Tired of scurrying under makeshift unpleasant scaffolding hovering over the streets of Manhattan? Back in 2009, Bloomberg launched an urban design intervention initiative calling for designers to provide a “fresh new sidewalk shed” to replace its dingy predecessors. Entitled urbanSHED, the international design competition challenged participants to develop a sustainable and economic prototype to be used for New York’s 1,000,000+ linear feet of sidewalks. Such a prototype must meet or exceed the City’s current safety requirements and regulations, and improve technical and structural performance. The winning shed was designed by Young-Hwan Choi, a student from the University of Pennsylvania. The shed is the first design to be approved under the City’s Buildings Bulletin 2011 and will be installted in Lower Manhattan soon!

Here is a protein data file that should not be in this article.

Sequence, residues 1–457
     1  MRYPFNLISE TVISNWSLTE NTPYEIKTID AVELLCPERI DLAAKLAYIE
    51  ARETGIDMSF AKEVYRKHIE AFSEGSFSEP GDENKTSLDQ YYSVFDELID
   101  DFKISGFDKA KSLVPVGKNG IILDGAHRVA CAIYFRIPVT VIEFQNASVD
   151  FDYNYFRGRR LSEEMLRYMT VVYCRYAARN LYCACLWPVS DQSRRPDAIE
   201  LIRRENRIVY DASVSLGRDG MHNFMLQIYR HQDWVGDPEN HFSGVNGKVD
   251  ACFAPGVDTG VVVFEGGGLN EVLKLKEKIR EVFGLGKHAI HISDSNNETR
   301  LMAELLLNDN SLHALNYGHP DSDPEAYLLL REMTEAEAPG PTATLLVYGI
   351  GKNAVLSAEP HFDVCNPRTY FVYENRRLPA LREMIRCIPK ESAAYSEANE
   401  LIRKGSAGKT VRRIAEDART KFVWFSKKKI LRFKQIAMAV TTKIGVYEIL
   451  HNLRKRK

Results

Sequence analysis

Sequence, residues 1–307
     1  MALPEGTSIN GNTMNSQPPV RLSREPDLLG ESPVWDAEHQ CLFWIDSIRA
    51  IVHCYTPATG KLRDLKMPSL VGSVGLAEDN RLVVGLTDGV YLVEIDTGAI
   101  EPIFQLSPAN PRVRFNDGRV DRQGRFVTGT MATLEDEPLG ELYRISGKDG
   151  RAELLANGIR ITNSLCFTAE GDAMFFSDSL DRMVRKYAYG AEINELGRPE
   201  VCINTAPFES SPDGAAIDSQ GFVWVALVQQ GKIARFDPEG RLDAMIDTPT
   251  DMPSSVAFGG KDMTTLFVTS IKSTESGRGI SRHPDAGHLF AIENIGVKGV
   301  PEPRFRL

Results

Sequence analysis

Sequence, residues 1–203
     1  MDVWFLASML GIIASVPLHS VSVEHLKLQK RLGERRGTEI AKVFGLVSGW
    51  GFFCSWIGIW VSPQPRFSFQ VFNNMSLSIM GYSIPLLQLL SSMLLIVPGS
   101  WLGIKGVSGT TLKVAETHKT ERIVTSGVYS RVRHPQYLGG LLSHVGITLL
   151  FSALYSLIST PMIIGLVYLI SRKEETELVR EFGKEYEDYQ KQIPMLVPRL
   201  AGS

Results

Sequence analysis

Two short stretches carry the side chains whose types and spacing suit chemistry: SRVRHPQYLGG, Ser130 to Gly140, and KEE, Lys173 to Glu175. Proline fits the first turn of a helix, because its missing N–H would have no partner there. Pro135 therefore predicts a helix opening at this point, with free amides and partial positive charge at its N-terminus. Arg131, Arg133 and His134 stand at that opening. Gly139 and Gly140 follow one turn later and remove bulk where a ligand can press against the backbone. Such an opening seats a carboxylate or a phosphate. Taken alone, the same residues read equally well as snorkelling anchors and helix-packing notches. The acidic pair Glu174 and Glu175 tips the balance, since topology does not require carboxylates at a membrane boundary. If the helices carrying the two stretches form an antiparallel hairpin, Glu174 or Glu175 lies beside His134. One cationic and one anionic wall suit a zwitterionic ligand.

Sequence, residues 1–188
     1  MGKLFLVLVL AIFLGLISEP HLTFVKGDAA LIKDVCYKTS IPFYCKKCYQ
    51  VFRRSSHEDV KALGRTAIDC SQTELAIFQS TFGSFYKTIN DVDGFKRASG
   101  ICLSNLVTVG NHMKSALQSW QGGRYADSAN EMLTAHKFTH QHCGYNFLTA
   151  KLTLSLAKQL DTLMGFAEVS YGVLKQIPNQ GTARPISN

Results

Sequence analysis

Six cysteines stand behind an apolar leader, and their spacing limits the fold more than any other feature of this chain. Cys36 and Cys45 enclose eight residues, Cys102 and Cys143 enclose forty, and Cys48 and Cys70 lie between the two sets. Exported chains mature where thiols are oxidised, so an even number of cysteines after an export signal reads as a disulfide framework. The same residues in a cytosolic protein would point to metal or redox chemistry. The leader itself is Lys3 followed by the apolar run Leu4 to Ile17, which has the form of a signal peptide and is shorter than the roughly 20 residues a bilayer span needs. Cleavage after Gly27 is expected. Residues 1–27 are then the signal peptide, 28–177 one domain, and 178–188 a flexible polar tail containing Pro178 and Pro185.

More about the design after the break.
The Urban Umbrella design concept is strongly rooted in providing an appealing aesthetic to those passing underway. Constructed from 85% recycled content, the high strength 50ksi steel shed has a 300 pounds per square foot load capacity which will safely protect the public from any falling debris. Plus, the structure sustains a horizontal load equal to 2% of its vertical load and eliminates cross-bracing that visually obstructs ground floor storefronts and building entrances.
The light design creates an attractive sidewalk environment that increases visibility for properties. Plus, the shed has the option of translucent overhead panels that transmits incident ambient light onto the sidewalk. These ½ inch polycarbonate panels have been tested to sustain 300 pounds dead load and the equivalent impact energy of a standard clay masonry brick falling 300 feet. The LED lighting fixture will achieve the full 1 foot candle per square foot requirement established by the NYC Building Code.
The design is envisioned as a flexible system where different component connections can be achieved to fit the differing needs of construction sites. In fact, adjustable feet can pivot and extend in order to accommodate changes in sidewalk pitch, eliminating the need for wood shims.